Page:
Not to be sneezed at - new allergy vaccines set for clinical trials
Friday, January 03, 2014 - 02:26
Jan. 3 - Clinical trials are set to start on a host of allergy vaccines developed by scientists in Finland. The researchers believe the trial could herald a new era of allergy treatment for millions of sufferers world-wide. Jim Drury reports.
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Allergies are no fun for sufferers......
But scientists at VTT Technical Research Centre of Finland believe they've made a major breakthrough.
They've developed patented technology to help the body develop resistance to allergens - the protein that causes allergies.
Using gene technology they're changing the structure of more than 20 allergens, so they cause less severe symptoms.
The team has set up commercial company, Desentum Oy, to develop a series of vaccines. CEO Pekka Mattila.....
SOUNDBITE (English) PEKKA MATTILA, CEO OF DESENTUM OY, SAYING:
"We can prevent the formation of the IgE-allergen complexes and then introduce an IgG- response within the cell and throughout the IgG response you create your own immune system to work against the allergens."
The vaccines follow groundbreaking research by academics including VTT physiology professor Kristiina Takkinen.
It showed that allergens can be genetically modified to induce production of the immunoglobulin G, which protects against allergic symptoms.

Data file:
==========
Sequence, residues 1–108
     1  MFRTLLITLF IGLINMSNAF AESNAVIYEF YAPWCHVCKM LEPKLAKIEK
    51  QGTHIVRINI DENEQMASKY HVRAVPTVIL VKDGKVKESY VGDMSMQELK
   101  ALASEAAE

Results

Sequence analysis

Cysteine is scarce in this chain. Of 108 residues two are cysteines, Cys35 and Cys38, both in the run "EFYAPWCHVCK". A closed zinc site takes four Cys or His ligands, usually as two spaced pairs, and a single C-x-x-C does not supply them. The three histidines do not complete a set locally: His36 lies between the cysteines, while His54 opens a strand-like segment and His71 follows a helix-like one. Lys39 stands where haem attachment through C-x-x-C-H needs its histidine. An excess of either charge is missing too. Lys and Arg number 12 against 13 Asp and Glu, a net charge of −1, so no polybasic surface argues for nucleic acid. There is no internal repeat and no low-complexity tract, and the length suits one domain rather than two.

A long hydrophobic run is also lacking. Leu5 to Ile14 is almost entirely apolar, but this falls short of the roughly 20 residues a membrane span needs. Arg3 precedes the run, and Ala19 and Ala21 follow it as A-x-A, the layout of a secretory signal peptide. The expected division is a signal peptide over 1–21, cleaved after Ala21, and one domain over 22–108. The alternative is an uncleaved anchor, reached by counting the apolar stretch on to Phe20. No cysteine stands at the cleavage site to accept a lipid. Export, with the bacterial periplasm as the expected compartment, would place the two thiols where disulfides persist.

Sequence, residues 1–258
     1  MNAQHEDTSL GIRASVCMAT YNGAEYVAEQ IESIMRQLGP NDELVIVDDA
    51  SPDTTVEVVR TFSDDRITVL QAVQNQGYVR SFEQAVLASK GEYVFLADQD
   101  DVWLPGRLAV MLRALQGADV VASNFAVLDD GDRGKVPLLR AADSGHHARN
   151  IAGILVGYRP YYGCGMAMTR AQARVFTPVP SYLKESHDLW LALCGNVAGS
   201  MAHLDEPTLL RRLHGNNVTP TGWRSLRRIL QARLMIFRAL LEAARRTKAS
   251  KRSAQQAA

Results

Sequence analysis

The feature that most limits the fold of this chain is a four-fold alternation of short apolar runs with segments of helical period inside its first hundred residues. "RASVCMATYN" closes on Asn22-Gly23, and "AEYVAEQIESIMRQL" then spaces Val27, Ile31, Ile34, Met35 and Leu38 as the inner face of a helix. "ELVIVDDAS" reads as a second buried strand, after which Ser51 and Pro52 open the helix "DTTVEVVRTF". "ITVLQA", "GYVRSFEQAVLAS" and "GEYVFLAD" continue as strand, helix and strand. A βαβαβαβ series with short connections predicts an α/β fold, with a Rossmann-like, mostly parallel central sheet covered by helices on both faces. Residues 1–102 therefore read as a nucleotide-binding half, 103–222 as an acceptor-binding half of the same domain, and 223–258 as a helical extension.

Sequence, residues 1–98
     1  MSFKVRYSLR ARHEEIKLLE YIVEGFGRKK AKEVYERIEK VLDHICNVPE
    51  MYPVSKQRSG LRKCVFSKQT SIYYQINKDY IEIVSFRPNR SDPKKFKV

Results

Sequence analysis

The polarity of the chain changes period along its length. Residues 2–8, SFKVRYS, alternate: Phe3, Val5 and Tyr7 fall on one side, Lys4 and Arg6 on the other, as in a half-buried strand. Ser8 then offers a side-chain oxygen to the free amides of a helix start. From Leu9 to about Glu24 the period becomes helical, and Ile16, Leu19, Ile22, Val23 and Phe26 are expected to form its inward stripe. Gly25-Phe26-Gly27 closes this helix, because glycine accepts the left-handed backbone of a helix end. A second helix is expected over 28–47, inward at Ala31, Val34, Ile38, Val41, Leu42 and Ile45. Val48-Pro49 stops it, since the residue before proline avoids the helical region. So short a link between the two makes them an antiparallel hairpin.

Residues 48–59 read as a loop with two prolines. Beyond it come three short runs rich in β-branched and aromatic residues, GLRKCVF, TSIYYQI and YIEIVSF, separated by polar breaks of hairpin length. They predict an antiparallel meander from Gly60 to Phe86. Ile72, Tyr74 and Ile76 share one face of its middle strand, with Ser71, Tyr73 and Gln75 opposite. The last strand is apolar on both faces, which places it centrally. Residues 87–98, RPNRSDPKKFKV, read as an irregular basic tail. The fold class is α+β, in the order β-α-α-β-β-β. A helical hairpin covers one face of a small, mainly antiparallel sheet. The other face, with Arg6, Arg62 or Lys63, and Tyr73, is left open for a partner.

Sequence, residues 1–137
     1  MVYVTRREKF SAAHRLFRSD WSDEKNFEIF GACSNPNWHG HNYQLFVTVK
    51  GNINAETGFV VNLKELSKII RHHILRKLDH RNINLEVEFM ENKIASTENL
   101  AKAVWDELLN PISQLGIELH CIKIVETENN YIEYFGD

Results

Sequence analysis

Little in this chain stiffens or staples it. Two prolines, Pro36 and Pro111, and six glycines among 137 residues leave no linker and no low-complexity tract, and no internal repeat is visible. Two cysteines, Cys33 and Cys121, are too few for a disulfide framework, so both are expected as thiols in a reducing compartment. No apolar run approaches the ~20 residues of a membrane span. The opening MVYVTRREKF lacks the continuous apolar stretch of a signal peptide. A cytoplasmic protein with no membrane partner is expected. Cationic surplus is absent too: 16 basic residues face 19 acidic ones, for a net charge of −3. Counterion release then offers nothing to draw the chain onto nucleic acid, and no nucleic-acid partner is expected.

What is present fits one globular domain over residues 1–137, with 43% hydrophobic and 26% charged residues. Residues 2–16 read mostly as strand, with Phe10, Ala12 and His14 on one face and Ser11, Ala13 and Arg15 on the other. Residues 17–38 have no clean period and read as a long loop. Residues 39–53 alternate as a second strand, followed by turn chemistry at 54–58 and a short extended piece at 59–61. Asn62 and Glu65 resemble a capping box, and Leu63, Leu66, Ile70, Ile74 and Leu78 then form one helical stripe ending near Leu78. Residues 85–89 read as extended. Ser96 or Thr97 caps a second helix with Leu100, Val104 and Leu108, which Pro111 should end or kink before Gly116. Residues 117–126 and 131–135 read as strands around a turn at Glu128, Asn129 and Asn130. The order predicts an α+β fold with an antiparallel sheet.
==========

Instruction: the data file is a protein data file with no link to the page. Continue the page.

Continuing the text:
SOUNDBITE (English) PROFESSOR KRISTIINA TAKKINEN, OF VTT, AND CO-DEVELOPER OF IGE‐BINDING STRUCTURES IN ALLERGENS, SAYING:
"At this moment those results that we have obtained that we have done to confirm our high prophecies they are looking very promising. But still we need more, we'll have to produce more hypo-allergen candidates and look with a bigger patient samples how they are working."
The hypoallergens under development would work against the principal allergens, such as birch, grass and ragweed pollen, food proteins and pet allergens.
The latter is a concern to the Partio family from Helsinki, who own a dog, cat, and rabbit.
Daughters Julia and Jemima are keen to have friends visit them, but mother Tiina says this can be problematic.
SOUNDBITE (Finnish) TIINA PARTIO MOTHER OF TWO FROM CAPITAL AREA; SAYING:
"It's very sad that some of our daughter's friends are unable to visit us because they are allergic and couldn't stay with us for overnight. It would be very nice to have, for example, some kind of vaccination which would help in these situations."
Allergies to common pollen or animals cause misery to sufferers, with symptoms such as itchy eyes, nasal congestion, constant sneezing, and rashes.
The first oral vaccination tablets will undergo tests within months, but at least five years of research, testing and licensing will be required before the product can be made available to the public.
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